Biography of Maria Komarovskaya (Sr. Magdalina, OP)

Born into a family of the nobility in Mogilev in 1898. She did not complete higher education. Lived in Moscow and worked as a high school teacher. She entered the Abrikosova community of Dominican Sisters, where she took the name Sr. Magdalina. November 13, 1923 – arrested in Moscow in connection with a case against Russian [Eastern Rite] Catholics. May 19, 1924 – sentenced under Article 61 of the Criminal Code of the RSFSR to three years’ exile [OGPU Collegium]. Exiled to the village of Samarovo, Tobolsk region; in June 1925 she was transferred to Obdorsk, where she worked as a laundress; then in June 1926 she was returned to Samarovo. May 9, 1927 – released but restricted from living in the six major cities or the borderland regions for a period of three years. She lived in Romny, Poltava region. In 1928 she moved to Smolensk; in 1929, to Saratov; then in July 1930 she returned to Smolensk, where, on September 10, 1930, she organized the funeral of Fr. Chryzogon Przemocki, who had died in prison. April 10, 1931 – arrested. October 28, 1931 – sentenced to exile with restriction on living in the six major cities or the borderland regions for a period of three years [OGPU Collegium]. She lived in Saratov, then later in Krasnodar, where in 1934 she was again arrested. She was brought into the investigation in the case against Anna Abrikosova and others. Transported to Moscow and imprisoned in Butyrka Prison. She died January 29, 1934, at the age of 35, while under investigation in Butyrka Prison. Sources: Assumptionist Archives, Rome, 2ER.66, p. 1; GARF, f. 8409, op. 1, d. 37, l. 217; d. 71, l. 98; d. 75, l. 152-154; d. 121, l. 106, 113, 153; d. 261, l. 297; d. 520, l. 448-450; d. 728, l. 152-164; Ilkevich, p. 73; Osipova (1996), p. 176; Osipova (1999), p. 332; Abrikosova et al. (1924 and 1934); Sokolovskyi, pp. 98-99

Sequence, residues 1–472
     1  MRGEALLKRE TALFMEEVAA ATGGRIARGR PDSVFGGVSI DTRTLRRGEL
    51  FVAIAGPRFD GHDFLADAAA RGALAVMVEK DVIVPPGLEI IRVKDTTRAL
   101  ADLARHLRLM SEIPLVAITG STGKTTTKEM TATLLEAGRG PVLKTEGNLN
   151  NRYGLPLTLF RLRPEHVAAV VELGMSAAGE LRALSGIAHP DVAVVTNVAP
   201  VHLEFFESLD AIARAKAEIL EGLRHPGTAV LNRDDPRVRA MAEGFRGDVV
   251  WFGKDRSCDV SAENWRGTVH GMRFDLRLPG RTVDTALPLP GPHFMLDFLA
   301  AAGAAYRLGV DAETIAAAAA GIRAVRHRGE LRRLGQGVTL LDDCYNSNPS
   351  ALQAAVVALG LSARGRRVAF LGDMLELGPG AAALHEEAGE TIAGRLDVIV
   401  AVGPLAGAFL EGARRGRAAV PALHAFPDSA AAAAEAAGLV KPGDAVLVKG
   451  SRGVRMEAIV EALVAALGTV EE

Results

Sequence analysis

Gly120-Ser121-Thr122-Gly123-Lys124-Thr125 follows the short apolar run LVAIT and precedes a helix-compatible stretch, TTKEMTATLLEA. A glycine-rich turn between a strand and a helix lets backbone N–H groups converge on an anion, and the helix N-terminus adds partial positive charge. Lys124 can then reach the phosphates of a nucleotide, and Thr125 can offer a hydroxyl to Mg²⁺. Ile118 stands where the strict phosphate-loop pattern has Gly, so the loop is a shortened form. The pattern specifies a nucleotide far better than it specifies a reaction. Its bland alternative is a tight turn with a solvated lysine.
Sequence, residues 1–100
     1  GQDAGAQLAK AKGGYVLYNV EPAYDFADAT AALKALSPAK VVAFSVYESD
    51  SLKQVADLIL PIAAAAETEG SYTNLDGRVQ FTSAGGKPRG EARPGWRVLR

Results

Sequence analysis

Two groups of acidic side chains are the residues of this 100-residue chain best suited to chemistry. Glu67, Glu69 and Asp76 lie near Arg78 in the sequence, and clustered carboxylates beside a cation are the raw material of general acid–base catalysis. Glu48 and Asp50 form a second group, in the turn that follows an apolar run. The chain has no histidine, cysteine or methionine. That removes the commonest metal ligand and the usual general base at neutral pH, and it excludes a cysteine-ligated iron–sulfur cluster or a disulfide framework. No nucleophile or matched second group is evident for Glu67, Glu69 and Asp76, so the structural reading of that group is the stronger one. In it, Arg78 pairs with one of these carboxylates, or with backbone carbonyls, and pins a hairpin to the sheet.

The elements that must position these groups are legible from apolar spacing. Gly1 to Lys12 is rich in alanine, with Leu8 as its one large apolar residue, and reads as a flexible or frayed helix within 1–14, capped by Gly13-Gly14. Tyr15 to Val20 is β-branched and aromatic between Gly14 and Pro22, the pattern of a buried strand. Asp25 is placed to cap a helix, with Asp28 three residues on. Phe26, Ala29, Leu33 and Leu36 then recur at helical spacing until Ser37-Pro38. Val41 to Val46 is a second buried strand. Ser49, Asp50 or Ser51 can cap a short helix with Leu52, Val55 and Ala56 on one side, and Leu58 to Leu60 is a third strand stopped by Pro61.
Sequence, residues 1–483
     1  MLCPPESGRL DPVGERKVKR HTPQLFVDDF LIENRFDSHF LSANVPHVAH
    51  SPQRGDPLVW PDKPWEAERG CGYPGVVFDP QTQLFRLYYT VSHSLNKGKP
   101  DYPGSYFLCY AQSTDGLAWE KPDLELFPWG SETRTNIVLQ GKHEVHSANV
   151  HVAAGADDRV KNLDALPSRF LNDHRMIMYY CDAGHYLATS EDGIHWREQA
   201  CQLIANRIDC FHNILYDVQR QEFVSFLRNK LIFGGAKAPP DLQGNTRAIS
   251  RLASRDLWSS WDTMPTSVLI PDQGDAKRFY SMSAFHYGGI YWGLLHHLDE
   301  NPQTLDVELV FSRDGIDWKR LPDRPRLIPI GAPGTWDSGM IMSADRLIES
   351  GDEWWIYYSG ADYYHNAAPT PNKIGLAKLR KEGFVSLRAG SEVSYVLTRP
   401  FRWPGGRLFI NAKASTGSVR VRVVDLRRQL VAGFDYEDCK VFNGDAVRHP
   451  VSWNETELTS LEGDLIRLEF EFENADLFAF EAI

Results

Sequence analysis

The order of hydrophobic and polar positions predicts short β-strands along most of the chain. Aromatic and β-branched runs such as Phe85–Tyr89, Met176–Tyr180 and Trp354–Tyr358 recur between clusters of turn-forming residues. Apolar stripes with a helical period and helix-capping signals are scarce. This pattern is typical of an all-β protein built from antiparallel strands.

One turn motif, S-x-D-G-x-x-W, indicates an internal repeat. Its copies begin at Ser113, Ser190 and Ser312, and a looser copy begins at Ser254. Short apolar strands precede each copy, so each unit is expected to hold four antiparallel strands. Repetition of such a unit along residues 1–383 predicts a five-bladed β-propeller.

Variant Names:
Komarovskaia, Mariia Grigor'ievna (Magdalina); Sister Magdalina, OP; Komarovskaya, Maria
Mahili︠o︡ŭ (Belarus); Moscow (Russia); Tobolʹsk (Russia); Salekhard (Russia); Krasnodar (Russia)
female; clergy and religious; died in prison